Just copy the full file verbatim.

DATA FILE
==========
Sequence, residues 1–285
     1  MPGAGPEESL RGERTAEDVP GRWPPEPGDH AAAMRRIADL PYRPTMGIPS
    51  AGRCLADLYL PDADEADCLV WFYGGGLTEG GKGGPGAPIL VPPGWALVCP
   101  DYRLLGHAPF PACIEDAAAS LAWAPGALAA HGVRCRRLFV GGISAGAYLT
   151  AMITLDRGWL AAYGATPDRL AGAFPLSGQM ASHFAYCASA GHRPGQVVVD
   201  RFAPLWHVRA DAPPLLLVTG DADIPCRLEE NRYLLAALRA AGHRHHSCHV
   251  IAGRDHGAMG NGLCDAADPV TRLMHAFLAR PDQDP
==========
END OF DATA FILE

Sequence, residues 1–285
     1  MPGAGPEESL RGERTAEDVP GRWPPEPGDH AAAMRRIADL PYRPTMGIPS
    51  AGRCLADLYL PDADEADCLV WFYGGGLTEG GKGGPGAPIL VPPGWALVCP
   101  DYRLLGHAPF PACIEDAAAS LAWAPGALAA HGVRCRRLFV GGISAGAYLT
   151  AMITLDRGWL AAYGATPDRL AGAFPLSGQM ASHFAYCASA GHRPGQVVVD
   201  RFAPLWHVRA DAPPLLLVTG DADIPCRLEE NRYLLAALRA AGHRHHSCHV
   251  IAGRDHGAMG NGLCDAADPV TRLMHAFLAR PDQDP